Andrews et al v. Raphaelson et al
MEMORANDUM OPINION & ORDER: It is ordered that the intervening pla's motion for summary judgment is DENIED as premature w/o prejudice to its reassertion. Signed by Judge Jennifer B Coffman on 6/10/2009.(SCD)cc: COR
UNITED STATES DISTRICT COURT EASTERN DISTRICT OF KENTUCKY CENTRAL DIVISION LEXINGTON
CIVIL ACTION NO. 09-77-JBC ASHLEY ANDREWS, ET AL., V. MEMORANDUM OPINION AND ORDER DEFENDANTS. PLAINTIFFS,
ROBERT B. RAPHAELSON, ET AL.,
*********** This matter is before the court upon the intervening plaintiff's motion for summary judgment on the issue of priority (R. 47). The court, having reviewed the record and being otherwise sufficiently advised, will deny the motion as premature. The plaintiffs, Ashley Andrews and Ashtonwood Stud Associates, LP (collectively "Andrews"), brought an action to register a foreign judgment in this court. Ms. Andrews received a judgment in the Nevada District Court against Robert Raphaelson in the amount of $1,146,180.97. In executing the judgment, this court issued garnishment orders on multiple parties, including Fifth Third Bank ("Fifth Third"), Claiborne Farms, Keeneland Association, Lane's End Farm, and Mill Ridge Farm among others. Fifth Third filed an intervening complaint in this action alleging that its interest in the collateral identified in the plaintiffs' garnishment orders is first, prior and superior to the plaintiffs' judgment lien. Each of the parties served with garnishment orders, and who hold property belonging to Mr. Raphaelson, agreed to hold the property until the court determines the rights of priority as between Fifth Third and the plaintiffs.
The plaintiffs argue that there are genuine issues of material fact that prevent summary judgment on the priority issue. As there has not been adequate opportunity for discovery, the plaintiffs cannot appropriately respond to the summary judgment motion. After time for adequate discovery, summary judgment is appropriate if the pleadings, the discovery and disclosure materials on file, and any affidavits show that there is no genuine issue as to any material fact and that the movant is entitled to judgment as a matter of law. Fed. R. Civ. P. 56(c); Celotex Corp. v. Catrett, 477 U.S. 317, 322 (1986). In deciding the motion, the court must view the evidence and draw all reasonable inferences in favor of the non-moving party. Celotex, 477 U.S. at 330-31. A court may deny a motion for summary judgment as premature where the non-moving party has not had a sufficient opportunity to conduct discovery. Wallin v. Norman, 317 F.3d 558 (6th Cir. 2003); see also Fed. R. Civ. P. 56(f). The denial of a motion for summary judgment on this ground requires that the party seeking additional discovery file an affidavit setting forth the need for discovery and what the party hopes to uncover during the discovery process. Ball v. Union Carbide Corp., 385 F.3d 713, 719-20 (6th Cir. 2004). The plaintiffs have not had sufficient opportunity to conduct discovery in this case. In their Rule 56(f) affidavit the plaintiffs assert that they will take discovery on various issues related to this action and the priority issue. See Declaration of Christopher M. Green, at 8, attached to R. 50. After reviewing the plaintiffs' response to the motion and the supporting affidavit, the court agrees that the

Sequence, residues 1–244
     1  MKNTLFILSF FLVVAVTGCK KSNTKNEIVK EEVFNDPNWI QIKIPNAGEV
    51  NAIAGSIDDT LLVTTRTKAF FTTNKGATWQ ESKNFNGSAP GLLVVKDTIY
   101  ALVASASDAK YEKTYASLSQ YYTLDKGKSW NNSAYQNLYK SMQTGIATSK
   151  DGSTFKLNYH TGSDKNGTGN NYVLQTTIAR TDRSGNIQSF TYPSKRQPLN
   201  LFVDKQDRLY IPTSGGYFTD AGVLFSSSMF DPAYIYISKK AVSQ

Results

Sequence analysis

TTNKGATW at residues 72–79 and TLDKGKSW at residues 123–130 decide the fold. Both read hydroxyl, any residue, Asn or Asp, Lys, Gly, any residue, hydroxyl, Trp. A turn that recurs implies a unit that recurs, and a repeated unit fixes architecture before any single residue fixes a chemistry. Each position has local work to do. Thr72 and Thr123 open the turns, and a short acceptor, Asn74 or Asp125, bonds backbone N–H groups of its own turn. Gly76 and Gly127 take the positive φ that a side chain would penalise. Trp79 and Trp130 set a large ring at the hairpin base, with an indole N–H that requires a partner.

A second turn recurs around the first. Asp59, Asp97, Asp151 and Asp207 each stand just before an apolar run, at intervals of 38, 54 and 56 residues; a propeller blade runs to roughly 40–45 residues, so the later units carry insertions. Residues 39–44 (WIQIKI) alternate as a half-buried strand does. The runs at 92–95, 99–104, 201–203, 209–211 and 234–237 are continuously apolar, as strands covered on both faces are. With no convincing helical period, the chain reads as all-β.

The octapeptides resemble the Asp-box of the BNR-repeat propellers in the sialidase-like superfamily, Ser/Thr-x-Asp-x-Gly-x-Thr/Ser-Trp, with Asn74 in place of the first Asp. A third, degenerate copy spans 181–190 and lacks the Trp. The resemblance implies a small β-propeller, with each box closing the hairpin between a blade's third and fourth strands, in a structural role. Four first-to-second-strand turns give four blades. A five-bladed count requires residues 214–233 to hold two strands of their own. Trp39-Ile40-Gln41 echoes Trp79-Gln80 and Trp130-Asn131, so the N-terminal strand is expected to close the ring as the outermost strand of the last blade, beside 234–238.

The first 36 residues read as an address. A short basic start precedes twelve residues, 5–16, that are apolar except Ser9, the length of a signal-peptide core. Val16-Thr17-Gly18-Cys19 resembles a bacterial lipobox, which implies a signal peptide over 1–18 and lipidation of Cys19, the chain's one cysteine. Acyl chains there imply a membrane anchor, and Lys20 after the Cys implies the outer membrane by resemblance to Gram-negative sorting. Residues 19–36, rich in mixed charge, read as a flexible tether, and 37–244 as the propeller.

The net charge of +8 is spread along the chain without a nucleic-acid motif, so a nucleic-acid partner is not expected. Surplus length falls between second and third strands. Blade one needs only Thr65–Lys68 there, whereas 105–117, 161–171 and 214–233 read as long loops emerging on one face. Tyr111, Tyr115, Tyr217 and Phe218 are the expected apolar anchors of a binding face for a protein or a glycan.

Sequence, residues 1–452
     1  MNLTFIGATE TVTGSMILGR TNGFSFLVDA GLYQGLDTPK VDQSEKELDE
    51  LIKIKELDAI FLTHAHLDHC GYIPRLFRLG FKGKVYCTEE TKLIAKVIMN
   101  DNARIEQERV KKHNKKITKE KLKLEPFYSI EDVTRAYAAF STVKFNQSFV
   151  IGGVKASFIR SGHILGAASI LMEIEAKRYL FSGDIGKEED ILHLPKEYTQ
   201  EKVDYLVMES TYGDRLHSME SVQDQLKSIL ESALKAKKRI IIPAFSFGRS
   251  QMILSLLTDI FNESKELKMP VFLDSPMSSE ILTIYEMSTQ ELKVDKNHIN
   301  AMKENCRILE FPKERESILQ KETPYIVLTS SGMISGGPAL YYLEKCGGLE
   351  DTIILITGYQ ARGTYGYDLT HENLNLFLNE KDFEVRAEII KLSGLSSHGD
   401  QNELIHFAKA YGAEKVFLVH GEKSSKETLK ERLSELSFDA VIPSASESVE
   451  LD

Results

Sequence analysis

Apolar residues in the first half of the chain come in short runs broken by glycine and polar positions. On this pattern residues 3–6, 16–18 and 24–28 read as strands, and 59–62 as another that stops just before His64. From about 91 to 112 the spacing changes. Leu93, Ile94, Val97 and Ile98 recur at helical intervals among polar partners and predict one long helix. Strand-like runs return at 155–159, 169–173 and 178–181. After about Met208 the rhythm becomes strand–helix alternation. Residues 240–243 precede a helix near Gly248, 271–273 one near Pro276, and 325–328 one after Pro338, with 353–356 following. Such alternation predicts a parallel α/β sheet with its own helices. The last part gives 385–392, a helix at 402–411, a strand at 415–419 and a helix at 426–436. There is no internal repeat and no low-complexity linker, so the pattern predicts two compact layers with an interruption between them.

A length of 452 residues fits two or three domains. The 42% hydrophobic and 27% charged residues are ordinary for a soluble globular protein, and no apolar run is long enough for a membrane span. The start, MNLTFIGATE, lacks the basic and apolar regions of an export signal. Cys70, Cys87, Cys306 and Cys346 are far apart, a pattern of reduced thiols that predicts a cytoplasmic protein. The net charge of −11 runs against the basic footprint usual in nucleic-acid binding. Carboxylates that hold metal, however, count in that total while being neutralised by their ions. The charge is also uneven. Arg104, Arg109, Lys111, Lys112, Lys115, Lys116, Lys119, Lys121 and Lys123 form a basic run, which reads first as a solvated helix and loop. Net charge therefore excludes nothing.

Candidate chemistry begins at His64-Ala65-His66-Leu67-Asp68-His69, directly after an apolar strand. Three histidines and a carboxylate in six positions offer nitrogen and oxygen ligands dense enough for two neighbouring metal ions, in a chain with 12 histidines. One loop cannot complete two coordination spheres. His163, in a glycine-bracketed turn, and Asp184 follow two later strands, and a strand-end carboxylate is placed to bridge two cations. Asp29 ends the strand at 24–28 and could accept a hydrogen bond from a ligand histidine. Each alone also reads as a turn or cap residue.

summary judgment motion is premature. Accordingly, IT IS ORDERED that the intervening plaintiff's motion for summary judgment (R. 50) is DENIED as premature without prejudice to its reassertion.
Signed on June 10, 2009
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